Many around the world tout the United Nations as the only legitimate source of peacemaking in the world today. But sixty years after the organization’s founding and in the wake of a series of high profile political failures and financial scandals, is the United Nations a realistic alternative to the emerging Pax Americana?
In his new book, The Future of the United Nations: Understanding the Past to Chart a Way Forward (AEI Press, September 2005), Joshua Muravchik, resident scholar at the American Enterprise Institute, argues that the answer is clearly no. While the UN’s humanitarian efforts–responding to natural disasters such as famines or the recent Asian tsunami–are important, the UN’s peacekeeping efforts have been largely unsuccessful.
Indeed, according to Muravchik, the UN has failed to serve the purpose for which it was founded–to be the main bulwark of global peace and security–and none of the reforms currently under consideration will begin to remedy these faults. Muravchik concludes that only a more radical restructuring of the UN–concentrating on humanitarian work and on its role as a forum for international discourse and informal diplomacy-will allow the organization to play a useful role in the twenty-first century.
Initially, many of the UN’s failures were attributed to Cold War tensions. But in the more than fifteen years since the fall of the Berlin Wall, the UN has functioned little better, revealing a deeper flaw in the institution’s architecture. “Whether we look at the UN during or after the Cold War or at the League of Nations before that, this kind of political organization just does not work,” says Muravchik. “It is neither accountable nor transparent, and this invites the kind of financial and sexual misbehavior that has rocked the UN recently, as well as its more profound failings.” Muravchik argues that the main cause of the UN’s failure is its very structure as an embryonic world government, with the power to make “law” and enforce peace. Member states are asked to yield a measure of their independence in return for the protections offered by the UN. Yet, as Muravchik shows, these protections were illusory and as a result this global social contract was a dead letter from the start.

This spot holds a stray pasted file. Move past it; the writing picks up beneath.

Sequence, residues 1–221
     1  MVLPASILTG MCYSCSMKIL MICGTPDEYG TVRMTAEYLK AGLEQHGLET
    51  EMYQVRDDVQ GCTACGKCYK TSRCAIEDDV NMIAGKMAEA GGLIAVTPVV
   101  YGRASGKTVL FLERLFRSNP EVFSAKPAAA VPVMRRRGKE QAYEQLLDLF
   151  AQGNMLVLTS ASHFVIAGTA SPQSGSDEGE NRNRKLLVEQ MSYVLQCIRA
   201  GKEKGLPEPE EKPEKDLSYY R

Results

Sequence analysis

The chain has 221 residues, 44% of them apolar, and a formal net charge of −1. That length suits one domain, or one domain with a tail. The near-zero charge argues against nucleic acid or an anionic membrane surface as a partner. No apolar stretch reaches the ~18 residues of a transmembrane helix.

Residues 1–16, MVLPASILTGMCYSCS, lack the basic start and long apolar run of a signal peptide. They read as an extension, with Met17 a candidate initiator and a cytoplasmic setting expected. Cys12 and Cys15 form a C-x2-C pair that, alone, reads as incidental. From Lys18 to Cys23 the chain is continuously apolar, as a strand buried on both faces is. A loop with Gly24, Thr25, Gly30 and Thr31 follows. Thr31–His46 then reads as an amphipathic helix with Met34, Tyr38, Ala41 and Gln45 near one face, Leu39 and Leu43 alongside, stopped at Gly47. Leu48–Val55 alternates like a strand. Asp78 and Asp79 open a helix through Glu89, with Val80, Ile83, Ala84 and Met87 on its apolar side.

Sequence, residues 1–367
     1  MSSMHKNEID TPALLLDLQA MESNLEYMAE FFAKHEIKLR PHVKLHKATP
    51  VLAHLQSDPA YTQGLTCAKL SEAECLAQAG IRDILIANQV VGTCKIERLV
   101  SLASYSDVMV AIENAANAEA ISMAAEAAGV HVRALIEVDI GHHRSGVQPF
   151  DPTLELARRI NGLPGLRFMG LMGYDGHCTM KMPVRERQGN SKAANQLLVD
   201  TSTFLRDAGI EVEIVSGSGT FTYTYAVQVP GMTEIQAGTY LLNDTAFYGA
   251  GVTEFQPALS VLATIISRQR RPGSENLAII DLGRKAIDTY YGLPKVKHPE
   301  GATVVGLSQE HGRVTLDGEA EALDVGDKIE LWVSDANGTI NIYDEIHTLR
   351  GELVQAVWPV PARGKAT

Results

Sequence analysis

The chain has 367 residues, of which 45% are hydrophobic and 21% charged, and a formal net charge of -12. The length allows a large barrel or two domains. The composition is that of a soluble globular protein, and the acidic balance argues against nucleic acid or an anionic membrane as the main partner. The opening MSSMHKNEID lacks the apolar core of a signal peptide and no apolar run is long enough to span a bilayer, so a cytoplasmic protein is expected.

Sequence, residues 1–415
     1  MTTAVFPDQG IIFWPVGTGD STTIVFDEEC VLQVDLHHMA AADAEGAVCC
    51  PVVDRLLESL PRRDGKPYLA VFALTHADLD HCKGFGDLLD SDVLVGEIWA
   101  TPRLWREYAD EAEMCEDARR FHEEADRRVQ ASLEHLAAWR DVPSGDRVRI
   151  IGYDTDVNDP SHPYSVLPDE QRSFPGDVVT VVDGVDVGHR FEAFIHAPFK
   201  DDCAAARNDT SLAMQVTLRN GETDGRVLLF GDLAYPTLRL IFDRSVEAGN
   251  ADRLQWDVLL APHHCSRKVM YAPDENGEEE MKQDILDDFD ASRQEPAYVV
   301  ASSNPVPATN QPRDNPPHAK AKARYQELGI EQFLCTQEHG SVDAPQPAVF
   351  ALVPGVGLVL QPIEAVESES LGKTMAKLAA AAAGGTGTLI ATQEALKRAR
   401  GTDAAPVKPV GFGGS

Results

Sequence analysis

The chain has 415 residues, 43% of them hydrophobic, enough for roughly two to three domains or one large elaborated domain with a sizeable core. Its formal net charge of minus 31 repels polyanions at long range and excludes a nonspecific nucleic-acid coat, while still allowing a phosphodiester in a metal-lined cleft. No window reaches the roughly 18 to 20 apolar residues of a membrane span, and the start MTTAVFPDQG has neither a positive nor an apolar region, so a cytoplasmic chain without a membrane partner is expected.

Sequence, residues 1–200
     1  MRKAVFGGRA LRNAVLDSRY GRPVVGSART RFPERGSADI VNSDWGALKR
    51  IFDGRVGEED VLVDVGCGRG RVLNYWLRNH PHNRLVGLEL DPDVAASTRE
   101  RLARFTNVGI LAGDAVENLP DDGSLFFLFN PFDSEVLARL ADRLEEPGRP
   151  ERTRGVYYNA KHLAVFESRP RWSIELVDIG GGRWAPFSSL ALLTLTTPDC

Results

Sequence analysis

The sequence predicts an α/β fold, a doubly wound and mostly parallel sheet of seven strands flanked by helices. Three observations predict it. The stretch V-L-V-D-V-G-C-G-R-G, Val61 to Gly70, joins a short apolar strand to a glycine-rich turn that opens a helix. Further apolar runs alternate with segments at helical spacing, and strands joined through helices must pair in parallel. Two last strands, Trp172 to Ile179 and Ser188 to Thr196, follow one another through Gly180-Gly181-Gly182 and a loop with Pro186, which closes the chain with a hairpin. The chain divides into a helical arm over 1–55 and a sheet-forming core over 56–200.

In fact, Muravchik adds, if the world has been more peaceful since 1945, it is due to the farsighted international policies of the United States, and not to the existence of the United Nations. If the governments that are promoting the UN as a counterweight to the United States–many of which are either fearful or jealous of America’s unique superpower status-succeed, Muravchik says, the world will become a far more dangerous place, above all for its most vulnerable citizens.
Muravchik believes that the UN’s flaws are unlikely to be remediable in an organization made up of governments and not citizens. Whereas a democratic system provides individuals with incentives to expose misdeeds and question the existing authorities, the structure of the UN rewards governments and diplomats for going along with the status quo. Emblematic of this problem is the performance of the UN Commission on Human Rights, which UN secretary-general Kofi Annan himself admits has become an embarrassment. “Despite its military powerlessness, the UN might still have been a moral beacon to mankind,” says Muravchik. “Instead it is a model of hypocrisy, thanks largely to its record on human rights.”
Muravchik argues further that the current proposals for UN reform–which focus primarily on enlarging the Security Council–are “worse than rearranging the deck chairs on the Titanic. . . . It is like loading on additional luggage when the ship has already begun to sink. States are more concerned with their own status than with the UN’s ability to fulfill its mission.” Muravchik suggests scrapping the “political UN” entirely, preserving its specialized agencies and its function as a diplomatic meeting place. “If peace is to be protected, it will be by alliances, regional bodies, and ad hoc coalitions. In the main, these will be led by the United States.”
JOSHUA MURAVCHIK is a resident scholar at the American Enterprise Institute. He is the author of eight books and hundreds of articles on U.S. foreign policy and international relations. He has worked closely with two prominent U.S. ambassadors to the UN, Jeane J. Kirkpatrick and Daniel Patrick Moynihan, and holds a Ph.D. in international relations from Georgetown University.